21 May Dartmouth at Play = Awesome
Held the Friday of Green Key weekend, one of the busiest times of the year on campus, our first annual Dartmouth at Play event was a smashing success.
Computer and console games have emerged as a significant cultural form; Dartmouth at Play, Dartmouth’s first Alumni gaming event, celebrates those alumni who work in the game industries. It might be compelling for readers new to the significance of games to know that since 2005, the US digital games industry has outsold Hollywood box office sales; ticket sales were $10.20 billion in 2011, while the Digital Game Industry in the US generated $16.6. This figure is expected to grow to a $70 billion industry worldwide by 2015. (Europe $18.9B (2007) Asia $14B (2006) Japan $6.26B)
Aside from economics, perhaps more interesting is the way the digital game industry has emerged as an attractive place for inventors and innovators alongside the ‘traditional’ play industries of board games, card games and toys. “Analog” game industries seem to have held their own during the rise of things digital, with sales roughly around $808 million in 2008. When factored into the larger toy industry, this figure increases: the US toy manufacturing industry includes about 700 companies and has annual revenue of $20 billion, equal to that of the fashion industry.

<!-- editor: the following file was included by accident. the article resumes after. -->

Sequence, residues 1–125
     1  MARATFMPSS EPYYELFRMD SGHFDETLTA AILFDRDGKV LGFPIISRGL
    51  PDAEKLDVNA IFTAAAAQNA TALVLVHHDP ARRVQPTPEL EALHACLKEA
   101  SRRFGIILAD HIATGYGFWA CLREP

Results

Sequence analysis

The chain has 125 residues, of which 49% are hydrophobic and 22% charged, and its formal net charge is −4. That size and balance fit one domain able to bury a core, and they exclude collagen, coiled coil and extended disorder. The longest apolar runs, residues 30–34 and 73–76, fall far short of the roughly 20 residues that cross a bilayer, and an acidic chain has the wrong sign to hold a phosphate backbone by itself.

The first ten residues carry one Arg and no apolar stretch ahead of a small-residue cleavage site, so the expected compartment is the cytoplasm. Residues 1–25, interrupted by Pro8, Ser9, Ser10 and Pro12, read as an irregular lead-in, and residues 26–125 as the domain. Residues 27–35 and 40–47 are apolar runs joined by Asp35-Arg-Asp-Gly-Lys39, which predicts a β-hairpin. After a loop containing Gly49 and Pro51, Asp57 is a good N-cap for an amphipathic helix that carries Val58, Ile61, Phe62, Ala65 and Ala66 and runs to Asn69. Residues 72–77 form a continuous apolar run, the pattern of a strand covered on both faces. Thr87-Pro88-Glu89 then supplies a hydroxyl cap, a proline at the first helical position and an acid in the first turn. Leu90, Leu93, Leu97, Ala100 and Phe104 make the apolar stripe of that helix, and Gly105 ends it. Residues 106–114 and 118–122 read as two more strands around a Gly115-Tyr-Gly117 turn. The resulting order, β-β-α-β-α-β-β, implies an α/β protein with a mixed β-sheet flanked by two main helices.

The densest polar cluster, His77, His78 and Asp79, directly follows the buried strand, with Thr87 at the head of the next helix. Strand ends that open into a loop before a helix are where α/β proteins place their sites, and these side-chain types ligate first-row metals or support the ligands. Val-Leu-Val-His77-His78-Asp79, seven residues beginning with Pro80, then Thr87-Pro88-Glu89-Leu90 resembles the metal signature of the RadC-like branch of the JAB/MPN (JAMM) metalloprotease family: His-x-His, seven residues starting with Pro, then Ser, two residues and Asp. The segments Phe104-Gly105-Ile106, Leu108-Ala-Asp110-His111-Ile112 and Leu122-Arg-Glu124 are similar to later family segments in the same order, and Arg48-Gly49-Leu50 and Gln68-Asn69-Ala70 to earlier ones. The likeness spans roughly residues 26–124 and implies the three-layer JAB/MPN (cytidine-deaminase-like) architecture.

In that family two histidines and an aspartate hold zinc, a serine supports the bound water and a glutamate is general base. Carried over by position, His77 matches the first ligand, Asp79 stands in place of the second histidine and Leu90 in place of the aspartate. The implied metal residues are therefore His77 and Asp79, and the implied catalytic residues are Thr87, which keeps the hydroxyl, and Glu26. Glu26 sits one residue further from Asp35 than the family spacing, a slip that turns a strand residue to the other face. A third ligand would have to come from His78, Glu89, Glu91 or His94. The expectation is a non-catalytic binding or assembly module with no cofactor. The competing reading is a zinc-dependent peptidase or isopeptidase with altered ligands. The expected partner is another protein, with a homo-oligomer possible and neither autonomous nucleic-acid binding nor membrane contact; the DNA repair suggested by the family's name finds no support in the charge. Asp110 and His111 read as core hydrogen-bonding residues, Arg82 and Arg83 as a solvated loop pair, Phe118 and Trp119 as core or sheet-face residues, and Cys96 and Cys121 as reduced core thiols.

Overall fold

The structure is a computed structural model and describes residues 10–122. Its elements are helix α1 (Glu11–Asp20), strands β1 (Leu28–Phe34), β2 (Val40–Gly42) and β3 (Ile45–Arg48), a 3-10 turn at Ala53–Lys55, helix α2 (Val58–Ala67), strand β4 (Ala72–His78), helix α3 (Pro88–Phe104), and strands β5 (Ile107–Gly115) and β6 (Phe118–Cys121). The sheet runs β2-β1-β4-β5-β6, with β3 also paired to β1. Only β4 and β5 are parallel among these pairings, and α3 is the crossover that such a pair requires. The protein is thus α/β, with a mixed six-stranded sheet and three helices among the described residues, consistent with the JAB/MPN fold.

So why Dartmouth, and why now?
Dartmouth has a long tradition with play, creativity, and games. Yes, Dr. Seuss graduated from Dartmouth (1925), and last Friday marked the naming of Dartmouth’s medical school (the nation’s fourth oldest) as The Audrey and Theodor Geisel School of Medicine at Dartmouth.
But there is more! Cranium inventor Richard Tait is an alum, as are David Roberts, the senior VP and general manager of PopCap, Brian Goldner, the CEO of Hasbro, and a great number more. Gamer and entrepreneur Justin Gary founded Gary Games (Maker of Ascension), Michelle Favaloro directs among others the Marvel brand line at Habro, and Sam Beattie is a game designer at Zynga. All of the panelists discussed the practicalities of working in these fast-moving fields and theorized about what is coming for games and play of the future.
Debates ranged from the link between an interest in sci fi and gender. How do we break down the barriers of gender and gaming? Dave Roberts noted that we need more universally appealing games. Both analog and digital games professionals noted that 2% of the audience funds the majority of profit. People who have the most fun will pay the most, rather than “tricking” players into paying more during the play of their games.
Following the panel discussion was a short reception, where students engaged the panelists one-on-one and asked about the industry, design, and recent films and books read. We’re already planning for next year’s event!